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IRS Orders Immediate Stop to Employee Retention Credit (ERC) Processing

Articles/News, Offshore Account Update

Posted on October 24, 2023 |

Faced with a wave of fraudulent claims, the Internal Revenue Service (IRS) has ordered an immediate stop to the processing of all claims for the federal Employee Retention Credit (ERC). As a pandemic-era economic relief program, the ERC was only available for the 2020 and 2021 tax years, but until recently, eligible businesses that did not claim the ERC during these tax years could do so retroactively.

According to the IRS, the high volume of ERC fraud is due in large part to “honest small business owners being scammed by unscrupulous actors.” However, even when small business owners fall victim to ERC scams, they can still be held liable for back taxes, interest and penalties. Here, Boston federal tax lawyer Kevin E. Thorn, Managing Partner of Thorn Law Group, explains what business owners in Massachusetts need to know:

IRS CI is Targeting Businesses for ERC Fraud

In addition to putting a moratorium on the processing of new ERC claims, the IRS is also targeting taxpayers who have claimed the credit improperly. While the IRS notes that it is “developing new initiatives to help businesses who found themselves victims of aggressive promoters”—like settlement programs and repayment plans—it is also conducting investigations and pursuing enforcement as warranted. According to the IRS’ News Release, as of July 31, 2023, IRS Criminal Investigation (IRS CI) “has initiated 252 investigations involving over $2.8 billion of potentially fraudulent Employee Retention Credit claims.” These figures are likely to increase significantly over the coming months.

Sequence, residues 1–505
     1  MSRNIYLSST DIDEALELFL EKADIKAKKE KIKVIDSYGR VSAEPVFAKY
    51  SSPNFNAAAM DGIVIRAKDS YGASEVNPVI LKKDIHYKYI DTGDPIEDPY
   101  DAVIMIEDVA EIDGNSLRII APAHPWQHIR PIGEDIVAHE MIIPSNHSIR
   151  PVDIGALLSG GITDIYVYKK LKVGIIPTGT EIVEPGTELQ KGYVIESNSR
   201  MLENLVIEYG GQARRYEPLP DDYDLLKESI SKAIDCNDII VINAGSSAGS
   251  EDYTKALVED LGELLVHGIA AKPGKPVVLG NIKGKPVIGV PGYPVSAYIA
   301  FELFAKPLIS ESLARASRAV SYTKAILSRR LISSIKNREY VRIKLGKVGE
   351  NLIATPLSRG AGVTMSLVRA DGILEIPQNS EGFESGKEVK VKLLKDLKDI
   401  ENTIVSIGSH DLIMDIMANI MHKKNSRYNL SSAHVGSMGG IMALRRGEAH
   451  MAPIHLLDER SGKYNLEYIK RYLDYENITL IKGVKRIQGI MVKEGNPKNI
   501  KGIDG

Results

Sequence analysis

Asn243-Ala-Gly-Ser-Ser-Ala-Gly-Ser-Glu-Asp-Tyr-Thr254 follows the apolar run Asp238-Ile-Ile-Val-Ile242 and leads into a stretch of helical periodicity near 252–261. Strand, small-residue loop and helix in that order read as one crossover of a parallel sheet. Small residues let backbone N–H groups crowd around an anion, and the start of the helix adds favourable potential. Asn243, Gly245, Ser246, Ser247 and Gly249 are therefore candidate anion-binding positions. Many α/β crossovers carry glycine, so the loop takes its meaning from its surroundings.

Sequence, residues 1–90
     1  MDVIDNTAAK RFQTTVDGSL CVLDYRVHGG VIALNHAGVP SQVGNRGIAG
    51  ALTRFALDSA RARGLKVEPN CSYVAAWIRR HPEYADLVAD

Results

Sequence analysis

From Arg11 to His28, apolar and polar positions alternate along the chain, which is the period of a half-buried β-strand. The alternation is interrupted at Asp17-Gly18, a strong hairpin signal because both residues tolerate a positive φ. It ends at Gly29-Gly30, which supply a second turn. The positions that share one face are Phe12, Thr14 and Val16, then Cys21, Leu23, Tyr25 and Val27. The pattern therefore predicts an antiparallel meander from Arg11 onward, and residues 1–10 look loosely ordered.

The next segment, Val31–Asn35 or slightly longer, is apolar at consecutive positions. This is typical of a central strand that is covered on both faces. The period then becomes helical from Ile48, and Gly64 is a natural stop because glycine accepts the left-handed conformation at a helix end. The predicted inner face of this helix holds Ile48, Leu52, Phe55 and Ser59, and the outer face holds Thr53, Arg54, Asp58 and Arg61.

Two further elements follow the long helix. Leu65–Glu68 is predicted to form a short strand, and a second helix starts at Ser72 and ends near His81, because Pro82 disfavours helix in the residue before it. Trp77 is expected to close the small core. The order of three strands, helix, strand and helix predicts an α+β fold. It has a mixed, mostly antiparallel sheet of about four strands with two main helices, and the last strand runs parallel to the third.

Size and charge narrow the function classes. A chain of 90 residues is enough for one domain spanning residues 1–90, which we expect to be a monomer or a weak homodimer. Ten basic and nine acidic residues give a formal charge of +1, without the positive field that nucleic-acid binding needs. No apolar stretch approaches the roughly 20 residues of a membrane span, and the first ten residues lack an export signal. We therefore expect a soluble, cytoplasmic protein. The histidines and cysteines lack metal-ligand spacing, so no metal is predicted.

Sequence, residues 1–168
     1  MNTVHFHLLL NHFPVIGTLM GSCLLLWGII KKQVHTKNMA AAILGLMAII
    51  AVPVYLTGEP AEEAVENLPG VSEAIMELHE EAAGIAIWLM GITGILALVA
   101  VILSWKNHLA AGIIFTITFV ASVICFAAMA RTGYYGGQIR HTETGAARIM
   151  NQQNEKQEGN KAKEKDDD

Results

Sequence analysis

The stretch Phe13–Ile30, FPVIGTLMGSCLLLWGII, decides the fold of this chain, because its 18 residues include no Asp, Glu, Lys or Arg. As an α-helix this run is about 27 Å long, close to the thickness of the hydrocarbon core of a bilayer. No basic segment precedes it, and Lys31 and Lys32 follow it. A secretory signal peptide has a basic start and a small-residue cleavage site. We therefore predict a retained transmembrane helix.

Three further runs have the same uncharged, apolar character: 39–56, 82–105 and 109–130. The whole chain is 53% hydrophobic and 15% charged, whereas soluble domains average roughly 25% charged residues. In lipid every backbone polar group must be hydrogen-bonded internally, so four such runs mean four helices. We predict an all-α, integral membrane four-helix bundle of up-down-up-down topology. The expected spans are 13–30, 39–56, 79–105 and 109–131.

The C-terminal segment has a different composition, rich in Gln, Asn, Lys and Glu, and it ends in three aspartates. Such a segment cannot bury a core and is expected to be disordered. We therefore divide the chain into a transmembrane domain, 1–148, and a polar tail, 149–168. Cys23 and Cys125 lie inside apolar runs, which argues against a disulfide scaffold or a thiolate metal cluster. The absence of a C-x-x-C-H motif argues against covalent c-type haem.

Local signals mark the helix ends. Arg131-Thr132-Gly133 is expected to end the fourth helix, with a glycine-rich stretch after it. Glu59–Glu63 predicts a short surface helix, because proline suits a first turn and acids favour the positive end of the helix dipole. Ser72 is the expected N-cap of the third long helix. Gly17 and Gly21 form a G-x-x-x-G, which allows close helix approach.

What Business Owners in Massachusetts Need to Know About the ERC

As a business owner in Massachusetts, what does this mean for you? If your business has claimed the ERC, it will be essential to review your business’ federal tax return to confirm its eligibility. You will also need to ensure that your business has claimed the correct credit amount. This is true whether you calculated the credit yourself, relied on your company’s accountant or worked with another third-party service provider.

Improperly claiming the ERC can have serious consequences. While IRS audits can lead to liability for back taxes, interest and penalties, IRS CI investigations can lead to criminal prosecution. When charged with criminal tax fraud, business owners can face fines and prison time. While entrusting your business’s ERC filing to a third-party service provider may provide a defense to criminal culpability, you will need to be able to affirmatively demonstrate that charges are unwarranted.

We have warned about the IRS’ efforts to target ERC fraud previously. We have also covered the criminal charges that have the potential to follow IRS CI investigations. For business owners who have concerns about facing scrutiny, a proactive approach is generally best. But, choosing the right proactive approach is critical, as voluntarily disclosing filing errors to the IRS can trigger criminal prosecution in some cases.

Request an Appointment with Boston Federal Tax Lawyer Kevin E. Thorn

If you need to know more about the IRS' efforts to target ERC fraud, we encourage you to contact us for a confidential consultation. To request an appointment with Boston federal tax lawyer Kevin E. Thorn, Managing Partner of Thorn Law Group, please call 617-692-2989 or inquire online today.

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